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I’ve got this text:

In September it turned out that Judy won a scholarship that would cover her tuition and board. I was really glad for her because only a few students had this chance. Judy said she wanted to become more independent so this scholarship would be very helpful. I can understand her intention because it seems very embarrassing to spend money of someone who isn’t even your relative.

Now I’m struggling about whether I need to put the article before “money” in the last sentence. I’d rather not do it because there is no concrete relative or money, but a friend insists that the situation is concrete enough to put the article.

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    You might want to brush up on contractions: to spend someone's money when they are not even your relative.
    – Lambie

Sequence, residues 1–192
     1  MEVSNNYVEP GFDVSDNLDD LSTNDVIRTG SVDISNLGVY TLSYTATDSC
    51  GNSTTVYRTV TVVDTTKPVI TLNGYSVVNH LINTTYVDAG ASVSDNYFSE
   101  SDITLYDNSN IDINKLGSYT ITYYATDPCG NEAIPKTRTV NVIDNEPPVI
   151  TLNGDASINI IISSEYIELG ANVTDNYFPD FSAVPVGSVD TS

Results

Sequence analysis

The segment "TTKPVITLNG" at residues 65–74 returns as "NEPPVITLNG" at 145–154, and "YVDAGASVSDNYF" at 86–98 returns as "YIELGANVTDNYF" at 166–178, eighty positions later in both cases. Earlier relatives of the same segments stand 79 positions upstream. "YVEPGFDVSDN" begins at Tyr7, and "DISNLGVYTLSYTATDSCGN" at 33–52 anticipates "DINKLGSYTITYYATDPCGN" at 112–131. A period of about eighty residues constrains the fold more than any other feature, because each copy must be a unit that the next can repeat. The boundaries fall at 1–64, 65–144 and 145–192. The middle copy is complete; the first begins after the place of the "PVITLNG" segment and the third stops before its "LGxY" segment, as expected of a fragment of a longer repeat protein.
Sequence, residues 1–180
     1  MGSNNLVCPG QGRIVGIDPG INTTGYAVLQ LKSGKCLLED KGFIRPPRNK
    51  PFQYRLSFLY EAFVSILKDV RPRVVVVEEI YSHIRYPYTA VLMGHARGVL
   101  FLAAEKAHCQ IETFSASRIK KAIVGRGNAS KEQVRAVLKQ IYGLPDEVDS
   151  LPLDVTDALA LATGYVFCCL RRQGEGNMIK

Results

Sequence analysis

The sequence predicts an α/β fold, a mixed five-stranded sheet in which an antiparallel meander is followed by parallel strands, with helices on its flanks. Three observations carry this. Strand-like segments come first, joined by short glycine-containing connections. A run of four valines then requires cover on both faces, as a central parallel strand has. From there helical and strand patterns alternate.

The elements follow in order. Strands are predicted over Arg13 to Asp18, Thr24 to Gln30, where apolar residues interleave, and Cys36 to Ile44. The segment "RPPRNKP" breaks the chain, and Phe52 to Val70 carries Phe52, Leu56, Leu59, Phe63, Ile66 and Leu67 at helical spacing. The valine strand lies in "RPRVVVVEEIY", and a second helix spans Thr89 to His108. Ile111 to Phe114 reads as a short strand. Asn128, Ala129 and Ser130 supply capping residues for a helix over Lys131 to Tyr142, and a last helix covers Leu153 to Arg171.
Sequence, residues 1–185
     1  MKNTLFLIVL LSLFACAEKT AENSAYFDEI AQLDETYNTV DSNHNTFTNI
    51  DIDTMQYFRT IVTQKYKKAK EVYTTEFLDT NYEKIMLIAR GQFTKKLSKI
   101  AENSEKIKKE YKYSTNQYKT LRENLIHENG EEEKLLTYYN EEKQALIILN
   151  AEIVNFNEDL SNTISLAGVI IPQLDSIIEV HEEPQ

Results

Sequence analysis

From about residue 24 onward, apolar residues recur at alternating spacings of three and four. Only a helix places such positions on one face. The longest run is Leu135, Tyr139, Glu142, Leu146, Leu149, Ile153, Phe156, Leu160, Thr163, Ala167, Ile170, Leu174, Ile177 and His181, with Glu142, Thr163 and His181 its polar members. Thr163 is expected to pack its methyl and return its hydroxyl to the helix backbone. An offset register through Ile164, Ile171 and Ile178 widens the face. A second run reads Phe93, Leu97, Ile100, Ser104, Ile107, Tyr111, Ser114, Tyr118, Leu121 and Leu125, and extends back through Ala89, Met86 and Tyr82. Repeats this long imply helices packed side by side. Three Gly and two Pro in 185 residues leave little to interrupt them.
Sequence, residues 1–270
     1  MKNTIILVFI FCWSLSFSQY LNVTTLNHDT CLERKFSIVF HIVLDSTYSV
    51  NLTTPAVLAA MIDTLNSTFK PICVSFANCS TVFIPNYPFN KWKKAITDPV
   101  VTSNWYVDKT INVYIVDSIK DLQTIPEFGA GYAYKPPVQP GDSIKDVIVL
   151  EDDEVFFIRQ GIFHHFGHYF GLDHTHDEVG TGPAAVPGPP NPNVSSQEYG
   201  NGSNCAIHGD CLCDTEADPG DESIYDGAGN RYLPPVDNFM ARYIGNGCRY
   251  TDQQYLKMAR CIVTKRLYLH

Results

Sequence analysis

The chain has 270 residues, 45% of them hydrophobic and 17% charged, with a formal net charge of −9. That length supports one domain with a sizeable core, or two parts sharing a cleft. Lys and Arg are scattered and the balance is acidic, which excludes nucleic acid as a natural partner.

Apr 11 at 20:02
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In September it turned out that Judy won a scholarship that would cover her tuition and board. I was really glad for her because only a few students had this chance. Judy said she wanted to become more independent so this scholarship would be very helpful. I can understand her intention because it seems very embarrassing to spend money of someone who isn’t even your relative.

Although the passage does not clearly name that someone in money of someone who isn’t even your relative, I tend to interpret that that person's identity is known. The noun phrase

someone who isn’t even your relative

with the intensifier, even, suggests that the potential benefactor has been identified, and a determiner could be required.

@Lambie's suggestion to use the possessive someone's should work well here.

https://grammar.collinsdictionary.com/easy-learning/nouns-used-without-a-determiner

Singular nouns that are uncountable are used without a determiner when you are making a general reference. Do you like jelly?

In our case here, I feel that the zero-determiner rule probably could not be applied.

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